Katherine later swooped past Moran for the point and never looked back as the Californian was forced to drop out due to wheel bearing failure. She hammered the checkered flags and immediately, upon exiting the car called her “mum” in the UK to let her know.
Legge’s success had many in the Long Beach media center saying “Danica Who?” as they made derisive comments about the Toyota Atlantic graduate now racing in the Indy Racing League’s IndyCar Series.
After all, Patrick hadn’t won an Atlantic race in her two-year stay – she was third in the hard-fought standings last season – and had not beat the boys.
Danica (“Who?”) Patrick changed those opinions in one sweet afternoon in Tochigi Prefecture, Japan. Now racing with the “big boys” in Indy cars, Patrick has adjusted like a brand new mother with her deft hands behind the wheel of her “baby”, a Panoz/Honda/Firestone challenger.
In practice for the League’s third race at Twin Ring Motegi, Patrick never exited the top ten and, when qualifying came along she upped the ante. The 12th driver to run two timed laps, Danica Patrick emerged at the top of the standings, pleasing Rahal Letterman Racing team co-owner Bobby Rahal immensely.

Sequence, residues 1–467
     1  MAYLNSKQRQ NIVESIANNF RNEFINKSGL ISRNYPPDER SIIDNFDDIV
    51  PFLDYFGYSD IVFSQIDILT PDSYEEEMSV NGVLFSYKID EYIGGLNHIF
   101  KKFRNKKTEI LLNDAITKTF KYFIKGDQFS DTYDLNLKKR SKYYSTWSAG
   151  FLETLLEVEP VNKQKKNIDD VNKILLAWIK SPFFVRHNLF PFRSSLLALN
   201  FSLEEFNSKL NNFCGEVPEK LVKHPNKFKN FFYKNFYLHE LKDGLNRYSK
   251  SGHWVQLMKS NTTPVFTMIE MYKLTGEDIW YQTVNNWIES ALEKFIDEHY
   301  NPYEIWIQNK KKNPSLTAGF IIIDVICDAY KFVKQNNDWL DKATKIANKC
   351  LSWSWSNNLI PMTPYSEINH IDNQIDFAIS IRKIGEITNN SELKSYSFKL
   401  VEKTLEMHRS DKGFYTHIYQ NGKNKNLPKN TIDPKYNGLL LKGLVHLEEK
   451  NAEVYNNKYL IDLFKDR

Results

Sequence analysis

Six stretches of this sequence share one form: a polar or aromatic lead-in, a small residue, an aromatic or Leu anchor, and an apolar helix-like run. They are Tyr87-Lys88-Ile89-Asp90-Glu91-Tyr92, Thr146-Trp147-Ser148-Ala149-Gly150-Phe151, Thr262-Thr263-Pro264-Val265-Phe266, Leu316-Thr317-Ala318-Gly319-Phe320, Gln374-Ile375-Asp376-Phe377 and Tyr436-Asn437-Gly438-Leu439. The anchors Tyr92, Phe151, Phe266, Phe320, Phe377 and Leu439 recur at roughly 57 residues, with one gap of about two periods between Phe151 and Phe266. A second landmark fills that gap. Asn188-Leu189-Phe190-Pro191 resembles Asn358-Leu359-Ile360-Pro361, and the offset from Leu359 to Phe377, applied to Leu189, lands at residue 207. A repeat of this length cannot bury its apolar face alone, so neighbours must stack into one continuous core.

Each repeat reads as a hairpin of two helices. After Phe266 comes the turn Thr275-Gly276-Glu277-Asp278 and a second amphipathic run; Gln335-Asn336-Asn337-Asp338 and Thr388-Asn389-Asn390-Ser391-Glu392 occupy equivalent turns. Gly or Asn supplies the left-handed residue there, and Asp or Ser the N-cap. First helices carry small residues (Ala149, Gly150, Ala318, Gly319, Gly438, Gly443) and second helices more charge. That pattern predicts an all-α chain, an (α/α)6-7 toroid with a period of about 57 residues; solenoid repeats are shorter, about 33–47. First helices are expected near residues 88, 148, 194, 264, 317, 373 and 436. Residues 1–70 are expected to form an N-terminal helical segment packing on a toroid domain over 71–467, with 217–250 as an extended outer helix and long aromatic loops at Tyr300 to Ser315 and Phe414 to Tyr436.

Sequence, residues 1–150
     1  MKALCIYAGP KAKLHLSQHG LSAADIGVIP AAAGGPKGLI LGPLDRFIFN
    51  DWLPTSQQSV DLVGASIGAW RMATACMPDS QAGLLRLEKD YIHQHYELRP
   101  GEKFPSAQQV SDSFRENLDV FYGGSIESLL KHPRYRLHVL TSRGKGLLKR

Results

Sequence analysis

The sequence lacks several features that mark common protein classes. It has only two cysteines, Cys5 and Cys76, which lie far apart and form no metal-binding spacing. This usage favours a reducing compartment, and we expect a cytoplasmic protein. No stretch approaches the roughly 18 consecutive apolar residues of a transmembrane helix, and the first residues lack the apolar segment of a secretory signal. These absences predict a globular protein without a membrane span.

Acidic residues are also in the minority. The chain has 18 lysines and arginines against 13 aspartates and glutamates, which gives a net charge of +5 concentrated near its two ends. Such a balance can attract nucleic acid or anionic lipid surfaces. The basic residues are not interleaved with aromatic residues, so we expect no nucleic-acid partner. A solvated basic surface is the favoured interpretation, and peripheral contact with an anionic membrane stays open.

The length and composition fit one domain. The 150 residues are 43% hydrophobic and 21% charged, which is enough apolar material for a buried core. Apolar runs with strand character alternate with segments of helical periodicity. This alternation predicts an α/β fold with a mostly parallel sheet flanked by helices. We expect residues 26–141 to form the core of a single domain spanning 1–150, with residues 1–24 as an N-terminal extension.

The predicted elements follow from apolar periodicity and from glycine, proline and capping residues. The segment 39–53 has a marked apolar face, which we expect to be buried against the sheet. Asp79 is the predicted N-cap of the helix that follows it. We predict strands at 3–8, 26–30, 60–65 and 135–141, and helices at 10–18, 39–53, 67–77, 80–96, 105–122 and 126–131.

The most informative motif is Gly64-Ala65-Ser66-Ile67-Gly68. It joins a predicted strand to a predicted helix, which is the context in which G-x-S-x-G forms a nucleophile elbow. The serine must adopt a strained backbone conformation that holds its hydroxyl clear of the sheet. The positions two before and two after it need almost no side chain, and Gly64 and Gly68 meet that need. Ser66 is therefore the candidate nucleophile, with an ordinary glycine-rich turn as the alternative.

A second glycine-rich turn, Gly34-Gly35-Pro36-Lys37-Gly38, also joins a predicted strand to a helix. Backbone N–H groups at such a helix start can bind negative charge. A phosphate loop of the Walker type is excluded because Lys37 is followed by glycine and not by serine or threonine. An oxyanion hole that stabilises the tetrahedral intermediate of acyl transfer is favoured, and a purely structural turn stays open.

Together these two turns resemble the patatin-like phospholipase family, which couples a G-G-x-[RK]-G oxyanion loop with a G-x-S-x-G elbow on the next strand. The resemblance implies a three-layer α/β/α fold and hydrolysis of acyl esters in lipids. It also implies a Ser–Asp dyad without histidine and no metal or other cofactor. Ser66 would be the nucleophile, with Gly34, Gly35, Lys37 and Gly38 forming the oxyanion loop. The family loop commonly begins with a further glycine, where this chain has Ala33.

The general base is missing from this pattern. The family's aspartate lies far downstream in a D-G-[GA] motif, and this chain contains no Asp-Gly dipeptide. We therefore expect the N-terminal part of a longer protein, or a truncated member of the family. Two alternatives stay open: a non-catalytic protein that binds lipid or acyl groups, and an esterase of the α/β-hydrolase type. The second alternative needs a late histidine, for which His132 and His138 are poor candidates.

She eventually would start outside the front row when two-time IRL champ Sam Hornish Jr. lapped the oval 0.0311 seconds quicker than Patrick.
Rahal has had to field questions from everyone in the racing community since he decided to bring Patrick up, first from the Barber Dodge Pro Series and now from Toyota Atlantics. Her lack of victories in lower formulae hastened the crow calls but Rahal thought Danica would mature nicely.
During Saturday’s 200-lap race on Twin Ring’s intimidating 1.5-mile egg-shaped oval, Danica Patrick led 32 laps and finished fourth behind repeat winner/point leader Dan Wheldon, veteran Scott Sharp and her teammate Buddy Rice.
Patrick’s success should be cheered, just as Legge’s victory in Long Beach rates a pile of huzzahs. Once Danica gains her own first-place trophies – and it could happen sooner than later – perhaps all the talk about her being a woman will die down.
Lyn St. James waited years for the furor to dissipate about her being a woman in a man’s business. She’s still waiting.
No amount of success in sports and open wheel racing cars gave St. James the props she deserves; sponsorship was always a battle for her and continues to be difficult for many of the women competing in racing today.
St. James has been the catalyst behind tests and other programs aimed toward increasing the number of excellent racers who just happen to be women. Her promotional events held under the former CART series banner came and went with lip service; the same occurred last November in Texas.
When the Indianapolis Motor Speedway opens its doors for the annual Greatest Spectacle in Racing, the Indianapolis 500 Mile Race this coming Sunday, May 8th, many people will be there to celebrate Mother’s Day.
May I suggest a toast for two potential mothers with death grips that will break your hand if you let them? Both are destined for potential greatness in their chosen fields. Why are we more concerned that they are women and not that they are simply superb racers?